Business interruption insurance cover has become a critical feature of the risk management strategy of many small to medium enterprises, writes Damian Clancy and Rory Butler.
Business interruption insurance cover has become a critical feature of the risk management strategy of many small to medium enterprises. However, many businesses continue to underestimate the importance of having this cover and, in so doing, take great risks with the continued viability of their business.
Professional development courses for insurance brokers almost invariably warn brokers that most businesses cannot continue for more than three months after an uninsured catastrophic event, which interrupts the operation of that enterprise, occurs.
As the example below demonstrates, businesses that do not hold any business interruption cover can suffer severe and long-term damage as a result of an unforeseeable and uninsured catastrophic event.
Mr and Mrs X conducted a medical practice in an exclusive inner-city suburb through a corporation. The practice was located in a building which housed a number of professional suites.
The building was completely destroyed by a catastrophic event. The corporation did not have business interruption cover.
Shortly after the occurrence of the event, there was a dispute between the corporation and the landlord of the premises, who refused to reinstate the premises to its previous condition. The alterations to the floorplan drafted by the landlord effectively meant that certain important medical equipment could not be housed at the premises upon its reinstatement.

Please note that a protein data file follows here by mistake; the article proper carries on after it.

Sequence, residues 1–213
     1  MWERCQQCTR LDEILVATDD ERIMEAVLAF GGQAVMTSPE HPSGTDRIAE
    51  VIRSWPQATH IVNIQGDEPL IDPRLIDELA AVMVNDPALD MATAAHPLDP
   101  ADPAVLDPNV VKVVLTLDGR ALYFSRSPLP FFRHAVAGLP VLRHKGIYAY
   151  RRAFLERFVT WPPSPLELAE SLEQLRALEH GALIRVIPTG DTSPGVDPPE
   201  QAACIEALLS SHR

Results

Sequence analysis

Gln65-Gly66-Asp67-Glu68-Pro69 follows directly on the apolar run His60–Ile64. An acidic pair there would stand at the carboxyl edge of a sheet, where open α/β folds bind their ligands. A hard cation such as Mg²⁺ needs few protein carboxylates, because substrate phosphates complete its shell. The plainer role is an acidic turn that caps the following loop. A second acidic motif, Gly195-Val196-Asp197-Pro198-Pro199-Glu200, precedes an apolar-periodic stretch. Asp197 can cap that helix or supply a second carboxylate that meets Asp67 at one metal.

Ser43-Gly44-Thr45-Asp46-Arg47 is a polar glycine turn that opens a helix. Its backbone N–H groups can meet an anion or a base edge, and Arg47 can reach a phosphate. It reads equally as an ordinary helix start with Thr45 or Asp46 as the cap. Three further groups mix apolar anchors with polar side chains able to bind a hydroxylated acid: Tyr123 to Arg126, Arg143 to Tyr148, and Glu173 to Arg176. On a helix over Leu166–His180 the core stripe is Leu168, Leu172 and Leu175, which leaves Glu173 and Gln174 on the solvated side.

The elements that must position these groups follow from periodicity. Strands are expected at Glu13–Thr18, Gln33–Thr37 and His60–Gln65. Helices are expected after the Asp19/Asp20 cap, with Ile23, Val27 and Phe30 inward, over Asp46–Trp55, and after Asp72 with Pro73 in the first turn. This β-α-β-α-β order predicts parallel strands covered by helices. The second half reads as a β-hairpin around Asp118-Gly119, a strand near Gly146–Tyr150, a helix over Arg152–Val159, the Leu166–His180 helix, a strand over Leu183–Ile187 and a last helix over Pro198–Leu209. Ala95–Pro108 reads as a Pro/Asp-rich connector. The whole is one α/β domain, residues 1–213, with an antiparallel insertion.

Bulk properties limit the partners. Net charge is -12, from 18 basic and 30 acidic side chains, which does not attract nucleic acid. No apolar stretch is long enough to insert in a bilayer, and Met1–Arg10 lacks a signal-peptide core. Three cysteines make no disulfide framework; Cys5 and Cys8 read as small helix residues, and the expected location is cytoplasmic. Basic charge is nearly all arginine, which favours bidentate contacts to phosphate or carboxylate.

The corporation's only option was to pursue a protracted court/tribunal dispute over the landlord's obligations under the lease, which likely would have taken several months to resolve.
As a result, Mr and Mrs X were forced to source new premises at a time when the property market was booming, and to then fit out those premises at their own cost. Even worse, they could not find suitable and affordable alternative premises within a 10-kilometre radius of their practice's former premises. As a result, several of the patients of the practice decided to transfer their medical care to competing practices.
Unfortunately the corporation did not have any disaster recovery or risk mitigation strategy. At the time the practice's premises were destroyed, Mr and Mrs X (who were not technologically savvy) had not made off-site electronic back-ups of their patients' records.
As a result, embarrassingly, the corporation had to call many of its patients and ask them to attend the premises so that their patient history could be reconstructed. Several patients were so appalled that their records had not been adequately protected that they transferred their care to other medical practitioners.
In the result, the corporation lost approximately 50 per cent of its patient base. Given the substantial overheads in continuing the business after the catastrophe, the corporation operated at approximately 30 per cent of its pre-catastrophe profit for three years. At the time of writing, it is still only trading at between 60 and 65 per cent of its pre-catastrophe profit.
Creating a buffer against the financial effects of the catastrophic event on Mr and Mrs X's business through the use of business interruption cover could have eased their financial pressure and reduced the substantial overheads they had to contend with.
In this instance, business interruption coverage would typically have restored their loss of gross profit, a key component of a sustainable business, and left Mr and Mrs X with a more manageable and continuous operating environment.
As an added benefit, disaster recovery advice is typically provided by insurers and brokers free of charge to mitigate the cost of a catastrophic event.
This is because the insured and the insurer have an aligned interest in minimising the financial burden of the catastrophic event or preventing it altogether if at all possible.
Damian Clancy and Rory Butler are lawyers in the insurance team at Colin Biggers & Paisley.
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